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Inadvertently walking into a riot where I live in Clapham Junction

I am still slightly in shock this morning after a major riot all around where I live last night. After getting off the train at Clapham Junction and walking to the exit I was met by a gang of over 100 masked, hooded and armed protesters. They raged through both exits, and to get out of the way decided to get out via St Johns Road only to be met by many more rioters. To my horror they were smashing up Debenhams and the shops all the way up to Northcote Road. The Police had created a barrier to stop them moving towards the police station, but there was no control.

It felt like extreme suppressed anger had just erupted, loads of people with hoodies were pouring into the area from the Winstanley Estate behind where I live and other areas of Battersea using Falcon Road as a route to join in the event. As I watched it seemed that this was organised – many were using twitter and texting on their mobile phones as they walked along.

What ever else you hear – there was a strong sense of anger. I talked to one bystander in shock who like me was trying to get out of the riot – who said they were from the Winstanley Estate who said that services had been cut, most of the youth were unemployed and had no hope, and that this was bound to happen as the rich get richer and the poor get poorer and are marginalised.

It is unsurprising then that the target of this anger was consumption and consumerism – the shops were targeted. Why? Because I think they have come to express a false understanding of freedom – the freedom to consume, and when you don’t have work or a future – consumption is one of the immediate impacts.

This is a bit of a wake up call. I had no doubts that the government will point out the thugs and other negative stereotypes in the game of blame – and I am sure there will be a minority number people who have joined in the violence – but this does not undermine the strong sense of anger by the many younger people who are excluded from work, hope and future – and last night in a frightening and deeply upsetting expression of anger erupted into the visible from the suppressed.

This makes the point about a fair approach to debt reduction that does not overly punish the poor and the young. In clapham Junction there is a huge and visible difference between the Council Estates and the opulent of those living ‘twix the commons’. It is well known that violence will aways erupt when the rich get richer and poor get poorer and the fault lines between these communities become the points of tension – and these are the places that were broken into last night..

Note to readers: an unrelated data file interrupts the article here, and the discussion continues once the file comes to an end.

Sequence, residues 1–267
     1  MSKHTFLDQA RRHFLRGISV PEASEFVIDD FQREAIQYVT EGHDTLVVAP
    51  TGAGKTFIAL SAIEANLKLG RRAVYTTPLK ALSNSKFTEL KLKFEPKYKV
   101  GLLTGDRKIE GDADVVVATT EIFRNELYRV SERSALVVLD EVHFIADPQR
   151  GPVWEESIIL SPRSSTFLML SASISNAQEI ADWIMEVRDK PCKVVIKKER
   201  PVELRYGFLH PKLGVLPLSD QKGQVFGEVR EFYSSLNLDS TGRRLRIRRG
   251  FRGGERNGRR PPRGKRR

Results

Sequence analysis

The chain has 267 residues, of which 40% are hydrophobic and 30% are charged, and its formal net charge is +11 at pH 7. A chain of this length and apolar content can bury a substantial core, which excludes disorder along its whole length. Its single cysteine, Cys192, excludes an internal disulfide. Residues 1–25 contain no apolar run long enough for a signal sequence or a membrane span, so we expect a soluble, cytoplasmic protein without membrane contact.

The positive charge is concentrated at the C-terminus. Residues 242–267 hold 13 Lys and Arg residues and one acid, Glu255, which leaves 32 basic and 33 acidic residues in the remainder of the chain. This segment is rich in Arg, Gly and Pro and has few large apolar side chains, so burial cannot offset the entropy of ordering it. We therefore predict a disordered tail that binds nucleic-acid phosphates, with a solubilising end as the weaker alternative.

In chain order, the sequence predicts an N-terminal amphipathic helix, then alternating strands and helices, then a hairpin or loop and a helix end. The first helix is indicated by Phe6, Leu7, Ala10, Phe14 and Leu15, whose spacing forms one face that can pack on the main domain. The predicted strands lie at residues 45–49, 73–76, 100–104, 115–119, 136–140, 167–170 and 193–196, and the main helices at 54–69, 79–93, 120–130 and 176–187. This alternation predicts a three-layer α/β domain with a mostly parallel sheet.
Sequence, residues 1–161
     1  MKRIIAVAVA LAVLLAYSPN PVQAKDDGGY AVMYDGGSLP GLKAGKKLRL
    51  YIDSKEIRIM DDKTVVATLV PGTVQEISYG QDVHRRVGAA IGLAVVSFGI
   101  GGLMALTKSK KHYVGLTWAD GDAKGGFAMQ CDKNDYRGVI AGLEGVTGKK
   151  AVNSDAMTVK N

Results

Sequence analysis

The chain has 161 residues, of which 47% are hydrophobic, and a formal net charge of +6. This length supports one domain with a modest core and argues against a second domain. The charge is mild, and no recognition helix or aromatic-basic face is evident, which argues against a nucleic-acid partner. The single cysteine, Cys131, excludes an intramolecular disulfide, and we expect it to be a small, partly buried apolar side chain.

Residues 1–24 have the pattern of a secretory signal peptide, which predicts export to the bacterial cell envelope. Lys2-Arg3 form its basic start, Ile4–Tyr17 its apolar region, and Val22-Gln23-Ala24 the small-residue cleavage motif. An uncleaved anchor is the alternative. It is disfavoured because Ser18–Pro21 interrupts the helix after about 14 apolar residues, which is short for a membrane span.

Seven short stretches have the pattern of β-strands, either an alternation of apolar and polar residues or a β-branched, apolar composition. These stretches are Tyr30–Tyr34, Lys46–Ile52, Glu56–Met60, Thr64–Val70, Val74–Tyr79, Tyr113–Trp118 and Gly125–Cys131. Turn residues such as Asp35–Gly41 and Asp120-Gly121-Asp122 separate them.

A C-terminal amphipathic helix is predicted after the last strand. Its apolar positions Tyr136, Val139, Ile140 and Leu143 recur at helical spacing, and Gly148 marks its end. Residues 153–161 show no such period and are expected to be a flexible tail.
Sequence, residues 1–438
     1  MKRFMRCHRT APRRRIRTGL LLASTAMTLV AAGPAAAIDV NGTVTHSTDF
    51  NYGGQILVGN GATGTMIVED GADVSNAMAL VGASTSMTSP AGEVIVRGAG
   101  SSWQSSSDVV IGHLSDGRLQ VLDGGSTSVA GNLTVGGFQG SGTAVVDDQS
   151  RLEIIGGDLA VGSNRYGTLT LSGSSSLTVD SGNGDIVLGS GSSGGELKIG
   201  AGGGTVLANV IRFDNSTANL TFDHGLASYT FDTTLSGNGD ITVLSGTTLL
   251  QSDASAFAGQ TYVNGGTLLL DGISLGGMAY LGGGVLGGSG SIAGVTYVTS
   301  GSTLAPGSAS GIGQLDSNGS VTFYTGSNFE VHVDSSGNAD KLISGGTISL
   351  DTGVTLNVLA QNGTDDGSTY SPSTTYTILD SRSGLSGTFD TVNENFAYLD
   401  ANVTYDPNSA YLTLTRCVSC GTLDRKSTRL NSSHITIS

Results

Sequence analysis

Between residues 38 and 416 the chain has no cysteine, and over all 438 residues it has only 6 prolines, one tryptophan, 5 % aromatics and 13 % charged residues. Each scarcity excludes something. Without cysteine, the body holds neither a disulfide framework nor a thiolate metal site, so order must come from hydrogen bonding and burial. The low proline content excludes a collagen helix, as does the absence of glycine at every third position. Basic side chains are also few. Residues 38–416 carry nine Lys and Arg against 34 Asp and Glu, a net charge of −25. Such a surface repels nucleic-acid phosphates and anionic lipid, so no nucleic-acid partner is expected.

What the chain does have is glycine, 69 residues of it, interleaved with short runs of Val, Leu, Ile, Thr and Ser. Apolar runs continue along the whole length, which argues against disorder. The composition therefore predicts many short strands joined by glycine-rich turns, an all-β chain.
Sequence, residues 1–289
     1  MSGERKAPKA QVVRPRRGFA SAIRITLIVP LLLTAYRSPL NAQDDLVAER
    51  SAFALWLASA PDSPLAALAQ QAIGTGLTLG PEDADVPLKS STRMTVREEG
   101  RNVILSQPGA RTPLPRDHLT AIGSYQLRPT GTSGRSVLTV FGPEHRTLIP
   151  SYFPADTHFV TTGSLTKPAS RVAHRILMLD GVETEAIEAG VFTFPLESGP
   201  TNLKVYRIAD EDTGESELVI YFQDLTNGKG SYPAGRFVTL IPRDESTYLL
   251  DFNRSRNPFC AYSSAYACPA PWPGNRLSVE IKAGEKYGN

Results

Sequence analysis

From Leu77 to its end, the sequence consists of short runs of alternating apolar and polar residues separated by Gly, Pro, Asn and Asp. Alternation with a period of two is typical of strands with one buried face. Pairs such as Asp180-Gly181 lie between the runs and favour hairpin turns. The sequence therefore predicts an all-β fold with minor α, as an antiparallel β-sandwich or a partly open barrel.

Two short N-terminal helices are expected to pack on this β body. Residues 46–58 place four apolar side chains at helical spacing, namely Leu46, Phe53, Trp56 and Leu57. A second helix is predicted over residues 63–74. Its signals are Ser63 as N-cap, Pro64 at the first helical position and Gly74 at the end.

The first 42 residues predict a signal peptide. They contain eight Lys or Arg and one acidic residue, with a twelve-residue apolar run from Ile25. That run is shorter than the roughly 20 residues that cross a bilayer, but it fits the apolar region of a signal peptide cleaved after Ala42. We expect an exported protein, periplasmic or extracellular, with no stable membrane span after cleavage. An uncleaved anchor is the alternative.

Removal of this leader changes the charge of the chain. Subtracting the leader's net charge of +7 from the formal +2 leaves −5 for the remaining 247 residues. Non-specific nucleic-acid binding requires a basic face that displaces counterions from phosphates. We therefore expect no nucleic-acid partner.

So I join in the prayers of the Bishop of London and the Archbishop of Canterbury, who has called us pray for peace and reconciliation and a just approach to our economic situation that does not overly discriminate and impact on the poor rather than the rich!

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POSTED 09.08.11 BY: ianmobsby | Comments (21)

21 Responses to “Inadvertently walking into a riot where I live in Clapham Junction”

  1. On August 9th, 2011 at 10:09 am Ash said:

    You have to be kidding. This is a capitalist country where wealth is the result of hard work, something these young thugs would shy away from rather than embrace as you suggest.

    They are not the victim of an unjust state but of their own attitude to work and life which in summary is “i should be given it on a plate”.

    One video i saw shows a Sky reporter asking one of the young girls why they were doing it .. “im getting my taxes back” she replied. This shows a youth who have no concept of how life really works, how a country supports its infrastructure, health care, police.

    However, ignorance is no excuse for law breaking. What if the 60 year old man with potentially fatal head injuries was your father – would you be feeling so sympathetic now?

    Save your prayers

  2. On August 9th, 2011 at 10:11 am Mike R said:

    Well said, Ian.

  3. On August 9th, 2011 at 10:38 am PeterR said:

    I thought of you this morning as I watched pictures on TV of Clapham burning. It seems strange to be sitting in a war zone and worrying that my dear friends are unsafe in the heart of London …